At this point, coronavirus precautions in America seem to be on the honor system. With the CDC’s new guidance last week indicating that fully vaccinated Americans could go without masking or distancing in most indoor and outdoor situations, we now face a conundrum when we see someone going about unprotected: Is it because they are vaccinated, or is it because they are careless? For those managing businesses and other public places, it isn’t easy. As virus czar Anthony Fauci told CNN, “You’re gonna be depending on people being honest enough to say whether they are vaccinated or not.” To a certain extent —- and this is much easier to do when you yourself are fully vaccinated — it is a matter of who and when and where you just have to trust.
It seems clear that the pandemic itself, along with the larger context of social polarization that has accompanied it, has eroded that trust. This current dilemma got me thinking about the larger phenomenon of social trust, and what creates it or destroys it. It is a practical issue for persuaders, and a pretty fundamental issue as well. You might have the better evidence, but if you or that evidence is not trusted, then it is to no avail. So, extending the issue past the current mysteries over the unmasked, I want to use this post to share some general thoughts on what builds trust. For practical persuaders, and for litigators in particular, I think it is useful to think of trust as four things rather than just one. Drawing from earlier research (Reina & Reina, 2007), trust varies depending on its source: There is contractual trust, communication trust, competency trust, and caring trust. Let’s talk about how each might apply to the attorney or the witness.
This is trust based on an agreement. The witness has sworn an oath, and the attorney serves as an officer of the court. So, in a way, trust is built by agreement: The witness has agreed to tell the truth, and so has the attorney, even more broadly having agreed not to knowingly sponsor false testimony or misstate the facts or the law. These agreements, however, are formal, and in an adversary system we might expect fact finders to appropriately take things with a grain of salt, assuming that the motives to help your own side might be stronger than the motives to be strictly truthful. So contractual trust also emerges more organically from keeping your promises, following through on your commitments. If you say you are going to do something, do it. If you are an attorney and you promise the jury something in opening, you had better fulfill that. If you are a witness and you answer one way in deposition and a different way in trial — and said both times that it was your best recollection — then there had better be an explanation.
The second form is trust formed in a relationship based on clear and frequent communication. With time, we get to know someone, and as long as that knowledge is generally positive, then liking and trust grows over time. Familiarity in and of itself builds credibility. That is probably why we would be more likely to trust a person unmasked around our kids more if we have met them a time or two than if they’re a total stranger. For litigators, this is a reason why you want to communicate conversationally with jurors, and why you might want to reveal a bit about yourself in voir dire. It is also why you will hopefully be more trusted in closing arguments than you were in the opening statement. Work on building a relationship with your fact finders that is based on clarity, respect, and honesty.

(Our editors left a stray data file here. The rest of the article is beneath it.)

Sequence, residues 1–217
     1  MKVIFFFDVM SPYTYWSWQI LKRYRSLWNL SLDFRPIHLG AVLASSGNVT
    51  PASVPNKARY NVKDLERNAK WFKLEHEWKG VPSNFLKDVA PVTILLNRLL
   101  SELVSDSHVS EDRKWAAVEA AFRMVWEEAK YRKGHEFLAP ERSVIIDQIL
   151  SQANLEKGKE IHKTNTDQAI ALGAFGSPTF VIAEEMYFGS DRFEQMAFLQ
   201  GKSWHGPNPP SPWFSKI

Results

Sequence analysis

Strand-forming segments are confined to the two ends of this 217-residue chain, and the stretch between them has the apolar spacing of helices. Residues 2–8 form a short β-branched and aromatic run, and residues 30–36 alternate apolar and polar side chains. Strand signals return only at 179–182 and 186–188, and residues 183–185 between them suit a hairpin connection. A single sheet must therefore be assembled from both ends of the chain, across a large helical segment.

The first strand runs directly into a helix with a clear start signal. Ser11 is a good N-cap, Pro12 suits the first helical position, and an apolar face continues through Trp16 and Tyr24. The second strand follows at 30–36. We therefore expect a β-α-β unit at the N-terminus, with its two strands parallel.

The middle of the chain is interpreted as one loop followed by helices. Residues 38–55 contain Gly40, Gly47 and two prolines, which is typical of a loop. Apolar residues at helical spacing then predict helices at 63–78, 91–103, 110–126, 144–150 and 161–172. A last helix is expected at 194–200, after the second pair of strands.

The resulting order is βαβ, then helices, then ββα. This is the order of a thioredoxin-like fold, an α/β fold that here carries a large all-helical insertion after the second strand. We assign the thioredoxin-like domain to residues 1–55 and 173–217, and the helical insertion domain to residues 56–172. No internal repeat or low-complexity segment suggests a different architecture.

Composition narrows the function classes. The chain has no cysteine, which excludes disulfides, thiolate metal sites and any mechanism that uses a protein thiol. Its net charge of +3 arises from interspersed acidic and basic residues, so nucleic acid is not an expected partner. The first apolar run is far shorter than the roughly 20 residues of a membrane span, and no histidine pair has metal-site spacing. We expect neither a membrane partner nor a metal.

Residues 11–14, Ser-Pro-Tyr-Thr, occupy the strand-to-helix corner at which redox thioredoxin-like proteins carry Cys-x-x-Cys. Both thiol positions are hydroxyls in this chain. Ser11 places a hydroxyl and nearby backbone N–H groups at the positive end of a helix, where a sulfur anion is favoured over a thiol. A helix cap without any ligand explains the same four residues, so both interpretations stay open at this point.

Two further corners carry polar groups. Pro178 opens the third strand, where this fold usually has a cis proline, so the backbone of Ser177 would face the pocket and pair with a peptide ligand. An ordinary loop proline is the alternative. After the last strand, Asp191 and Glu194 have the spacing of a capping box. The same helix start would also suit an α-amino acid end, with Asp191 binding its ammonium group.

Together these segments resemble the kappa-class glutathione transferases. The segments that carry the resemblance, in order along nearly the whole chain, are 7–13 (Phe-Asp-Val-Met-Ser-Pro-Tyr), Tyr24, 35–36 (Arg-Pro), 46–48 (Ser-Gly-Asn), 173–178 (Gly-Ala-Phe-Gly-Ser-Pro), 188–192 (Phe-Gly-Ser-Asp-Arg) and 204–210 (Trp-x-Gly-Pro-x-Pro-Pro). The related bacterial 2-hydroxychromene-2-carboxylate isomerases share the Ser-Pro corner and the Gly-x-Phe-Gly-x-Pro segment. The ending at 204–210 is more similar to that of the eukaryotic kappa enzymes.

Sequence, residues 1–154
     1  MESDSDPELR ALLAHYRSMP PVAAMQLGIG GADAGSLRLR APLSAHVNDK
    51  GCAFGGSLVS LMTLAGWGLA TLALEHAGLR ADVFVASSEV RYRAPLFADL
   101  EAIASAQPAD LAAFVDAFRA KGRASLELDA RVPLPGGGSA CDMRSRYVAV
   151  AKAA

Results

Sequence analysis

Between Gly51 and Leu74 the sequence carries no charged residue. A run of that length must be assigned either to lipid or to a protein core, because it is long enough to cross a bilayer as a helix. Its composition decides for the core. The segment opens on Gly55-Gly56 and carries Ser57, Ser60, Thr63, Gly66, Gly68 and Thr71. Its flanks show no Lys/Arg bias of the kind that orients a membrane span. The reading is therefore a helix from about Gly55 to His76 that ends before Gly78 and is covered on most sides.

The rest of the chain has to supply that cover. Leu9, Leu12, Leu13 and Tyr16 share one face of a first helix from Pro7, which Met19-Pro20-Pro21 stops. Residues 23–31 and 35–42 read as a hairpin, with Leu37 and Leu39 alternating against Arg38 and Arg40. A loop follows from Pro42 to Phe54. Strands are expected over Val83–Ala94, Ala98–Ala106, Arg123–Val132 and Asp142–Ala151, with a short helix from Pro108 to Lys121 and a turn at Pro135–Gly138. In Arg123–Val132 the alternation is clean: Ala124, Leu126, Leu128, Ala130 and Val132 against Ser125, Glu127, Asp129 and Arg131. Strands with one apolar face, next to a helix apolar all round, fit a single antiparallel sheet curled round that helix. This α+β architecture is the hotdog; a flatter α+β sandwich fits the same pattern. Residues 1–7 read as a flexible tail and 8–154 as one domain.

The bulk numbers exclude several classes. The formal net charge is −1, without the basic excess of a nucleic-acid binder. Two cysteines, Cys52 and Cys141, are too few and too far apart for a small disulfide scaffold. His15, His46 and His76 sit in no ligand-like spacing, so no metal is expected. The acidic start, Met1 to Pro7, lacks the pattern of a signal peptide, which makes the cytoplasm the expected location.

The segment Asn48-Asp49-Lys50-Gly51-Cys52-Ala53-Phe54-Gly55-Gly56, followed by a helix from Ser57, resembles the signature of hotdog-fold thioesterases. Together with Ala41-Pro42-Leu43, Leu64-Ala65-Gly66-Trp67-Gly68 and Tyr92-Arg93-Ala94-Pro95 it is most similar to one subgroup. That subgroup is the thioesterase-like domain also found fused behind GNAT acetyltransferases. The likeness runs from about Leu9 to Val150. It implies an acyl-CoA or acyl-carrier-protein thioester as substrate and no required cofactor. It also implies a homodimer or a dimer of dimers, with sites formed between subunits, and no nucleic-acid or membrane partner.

This is what comes from presenting yourself as someone who knows what you’re doing. That matters in big ways: it is why showing a mastery of the law and the facts is a matter of credibility and not just proof. But it also matters in small ways: showing that you don’t quite understand the technology in the courtroom, or the Zoom room, undermines trust because it cuts against your general perceived competence. Some courtroom attorneys might still have the habit of keeping their mind on the case and the jury while leaving the technology to others. But I think it is a safe bet that those days are coming to an end. For the witness, particularly the expert, that demonstrated competence also helps. A self-deprecating fumble here or there may not hurt you, but in general, you will be more trusted if, while in front of the jurors, you seem to know what you’re doing.
The final form of trust provides the human and the emotional side of the equation. If you present as someone who has genuine concern, both for those on “your side,” but also for everyone including the fact finders, you are more trusted. In the courtroom, judges and jurors understand that you are generally there to protect your own interests. But take opportunities to show that you are including everyone’s best interests as well. Be gracious and human with those on the other side. Talk about the benefits (from an audience’s perspective, not your perspective) in hearing from a witness, or in understanding a particular point. In general, show that you see your adversaries, witnesses, and fact finders as people, and not just as means to an end.
Ultimately, deciding whether we can or want to trust that un-masked stranger in a store isn’t so different from deciding whether we can or want to trust the suited stranger in a courtroom. It can be a pretty subtle and nuanced thing, and what builds or degrades it can vary quite a bit from person to person. But, generally speaking, the source that considers those four C’s — contract, communication, competence, and caring — will fare better than the source that lets one or more of those slip.
Reina, D. S., & Reina, M. L. (2007). Building sustainable trust. OD Practitioner, 39(1), 36;
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